If you were Peter would you have been haunted by the sound of a crowing rooster?

Have you experienced repentance as a gift?


[1] Søren Kierkegaard, Works of Love trans. Howard and Edna Hong (New York: Harper & Row, 1962), 166.

The God Who Kneels – Day 36

An Ego Challenge

“Even if all fall away on account of you, I never will.”

                                           Matthew 26:33


The difference between Judas and Peter is the difference between deception and weakness. Treachery is not the same as timidity. Contempt for Jesus is not the same as false confidence in one’s ability to stand for Jesus. Both lead to sin, but being hateful is different from being hurtful. Judas wanted to expose Jesus as a fraud, but Peter wanted to be faithful to Jesus. Judas was filled with regret, but Peter was filled with repentance. We are meant to see ourselves in Peter, but no one was ever meant to identify with Judas.

A crowing rooster should remind us not only of Peter’s denials, but of how much we are like Peter. As one writer said, “All disciples can profit by a careful study of how the ‘Rock’ turned to ‘sand’ in his most critical test.”[1] Peter makes me nervous. Comparing myself to him is like standing too close to the edge of Niagara Falls. Peter’s ego drove him to the edge and he fell. If the representative disciple, a member of Jesus’ inner circle, could fall like that, so can I. The nature of Peter’s experience is too close to our own to be ignored. His vulnerability to sin reminds us of our own. We find it easy, all too easy, to identity with him. We share his pride, practice his brand of foolishness, and experience his lack of courage and faithfulness.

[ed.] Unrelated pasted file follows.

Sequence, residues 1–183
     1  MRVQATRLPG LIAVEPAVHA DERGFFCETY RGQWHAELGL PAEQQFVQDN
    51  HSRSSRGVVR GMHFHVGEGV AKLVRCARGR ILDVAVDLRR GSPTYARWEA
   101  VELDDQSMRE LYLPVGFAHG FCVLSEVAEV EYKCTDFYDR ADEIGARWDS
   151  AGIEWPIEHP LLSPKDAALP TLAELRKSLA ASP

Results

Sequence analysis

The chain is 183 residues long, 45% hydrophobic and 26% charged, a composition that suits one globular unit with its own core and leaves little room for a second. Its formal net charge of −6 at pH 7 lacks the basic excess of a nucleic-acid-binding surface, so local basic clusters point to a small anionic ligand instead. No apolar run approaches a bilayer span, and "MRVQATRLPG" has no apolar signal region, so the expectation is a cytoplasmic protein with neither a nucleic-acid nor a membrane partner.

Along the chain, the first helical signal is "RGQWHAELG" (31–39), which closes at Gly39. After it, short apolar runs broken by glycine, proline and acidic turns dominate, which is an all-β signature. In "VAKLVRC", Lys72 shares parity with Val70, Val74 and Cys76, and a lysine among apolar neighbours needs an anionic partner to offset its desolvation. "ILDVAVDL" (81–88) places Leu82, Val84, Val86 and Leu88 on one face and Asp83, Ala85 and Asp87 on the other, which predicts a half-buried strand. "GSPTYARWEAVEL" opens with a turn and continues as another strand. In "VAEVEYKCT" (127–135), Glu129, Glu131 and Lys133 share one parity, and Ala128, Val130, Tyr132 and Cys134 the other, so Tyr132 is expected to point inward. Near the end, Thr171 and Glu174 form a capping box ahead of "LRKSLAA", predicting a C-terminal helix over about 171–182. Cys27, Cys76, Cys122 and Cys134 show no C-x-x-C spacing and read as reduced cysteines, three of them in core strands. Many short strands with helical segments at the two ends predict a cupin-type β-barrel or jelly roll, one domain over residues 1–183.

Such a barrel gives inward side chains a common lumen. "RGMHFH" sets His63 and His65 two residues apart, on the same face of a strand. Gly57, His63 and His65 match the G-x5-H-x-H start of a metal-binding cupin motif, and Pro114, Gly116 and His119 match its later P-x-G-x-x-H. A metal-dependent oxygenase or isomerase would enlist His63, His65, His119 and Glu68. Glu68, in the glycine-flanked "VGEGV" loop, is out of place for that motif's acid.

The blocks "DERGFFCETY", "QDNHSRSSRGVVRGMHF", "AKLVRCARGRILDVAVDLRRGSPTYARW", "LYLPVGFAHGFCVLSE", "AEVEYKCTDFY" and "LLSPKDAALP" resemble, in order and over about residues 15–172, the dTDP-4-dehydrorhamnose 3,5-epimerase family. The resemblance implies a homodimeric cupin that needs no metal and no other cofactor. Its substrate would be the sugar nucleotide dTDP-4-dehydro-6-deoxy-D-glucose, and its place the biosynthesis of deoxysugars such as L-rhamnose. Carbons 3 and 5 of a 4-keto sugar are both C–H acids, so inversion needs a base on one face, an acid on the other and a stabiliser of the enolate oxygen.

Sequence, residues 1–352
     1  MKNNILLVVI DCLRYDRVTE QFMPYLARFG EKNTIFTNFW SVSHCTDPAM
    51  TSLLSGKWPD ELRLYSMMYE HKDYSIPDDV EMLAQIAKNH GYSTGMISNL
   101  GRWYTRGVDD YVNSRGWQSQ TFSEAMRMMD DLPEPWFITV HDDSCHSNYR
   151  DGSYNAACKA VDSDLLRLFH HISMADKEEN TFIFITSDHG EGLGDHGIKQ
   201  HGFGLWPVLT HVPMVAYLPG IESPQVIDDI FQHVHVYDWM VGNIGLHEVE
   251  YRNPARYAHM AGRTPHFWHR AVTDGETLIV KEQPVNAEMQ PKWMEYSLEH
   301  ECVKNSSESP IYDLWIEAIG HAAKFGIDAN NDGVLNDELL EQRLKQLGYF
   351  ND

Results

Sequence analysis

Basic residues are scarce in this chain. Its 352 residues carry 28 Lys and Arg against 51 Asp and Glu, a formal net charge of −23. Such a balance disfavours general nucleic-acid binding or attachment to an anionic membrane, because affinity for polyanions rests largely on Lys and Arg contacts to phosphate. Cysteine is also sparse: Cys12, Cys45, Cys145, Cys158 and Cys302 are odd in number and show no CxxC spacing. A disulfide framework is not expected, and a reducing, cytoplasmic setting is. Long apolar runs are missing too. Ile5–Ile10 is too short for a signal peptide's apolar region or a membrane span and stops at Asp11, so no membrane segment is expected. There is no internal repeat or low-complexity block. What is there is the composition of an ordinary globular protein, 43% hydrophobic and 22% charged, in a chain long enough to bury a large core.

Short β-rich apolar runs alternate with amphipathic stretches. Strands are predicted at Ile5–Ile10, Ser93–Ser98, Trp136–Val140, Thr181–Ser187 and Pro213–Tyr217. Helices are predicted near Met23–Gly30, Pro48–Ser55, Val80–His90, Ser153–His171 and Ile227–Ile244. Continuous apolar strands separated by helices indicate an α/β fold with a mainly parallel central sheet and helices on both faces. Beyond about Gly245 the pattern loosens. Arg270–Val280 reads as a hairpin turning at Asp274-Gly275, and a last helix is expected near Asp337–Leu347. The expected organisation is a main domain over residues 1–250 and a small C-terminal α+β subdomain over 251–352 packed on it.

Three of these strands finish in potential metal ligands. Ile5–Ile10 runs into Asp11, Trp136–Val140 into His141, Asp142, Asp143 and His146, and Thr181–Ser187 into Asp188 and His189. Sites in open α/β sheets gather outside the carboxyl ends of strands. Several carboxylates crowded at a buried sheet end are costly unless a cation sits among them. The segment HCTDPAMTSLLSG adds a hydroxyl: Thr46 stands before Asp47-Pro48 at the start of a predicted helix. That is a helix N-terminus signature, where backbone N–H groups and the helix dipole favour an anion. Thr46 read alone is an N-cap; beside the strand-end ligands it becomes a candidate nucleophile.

Peter’s pride was embarrassingly transparent. Not to himself of course, but to all of us who hear him brag. He illustrates the Proverb: “Pride goes before destruction, a haughty spirit before a fall” (Proverbs 16:18). When Jesus said, “This very night you will all fall away on account of me,” Peter replied, “Even if all fall away on account of you, I never will” (Matthew 26:33). It is this bold and brash claim made by the impetuous, outspoken Peter that gets our attention. There is nothing humble about the rhetoric of self-confidence. Peter’s chest-thumping one-upmanship is like the pre-game hype before the big game. We instinctively ask, “How could Peter say such a thing?” With the rest of the disciples standing right there, Peter’s single comment turned loyalty to Jesus into a competition with himself as the self-proclaimed winner (see Galatians 6:4). Pride is insidious because it often separates us from reality and from others, without knowing it.

What do you think would have happened if John had pulled Peter aside and said, “Will you get a grip? Listen to yourself! Where do you get off claiming to be better than the rest of us?” We don’t read that John or any of the other disciples said anything to Peter. The reason we are seldom confronted about our pride is because pride, although so obvious to others, is such a tough sin to expose to the proud. Pride is a form of self-deception and when we deceive ourselves it is almost impossible for us to see the truth. Like Peter, we believe our own self-talk. What Peter felt was courage and loyalty for the Master, was really only self-centered pride! What sounded so bold and spiritual quickly turned into denials and curses. When prides runs its course, it leaves us as it left Peter disillusioned and frustrated.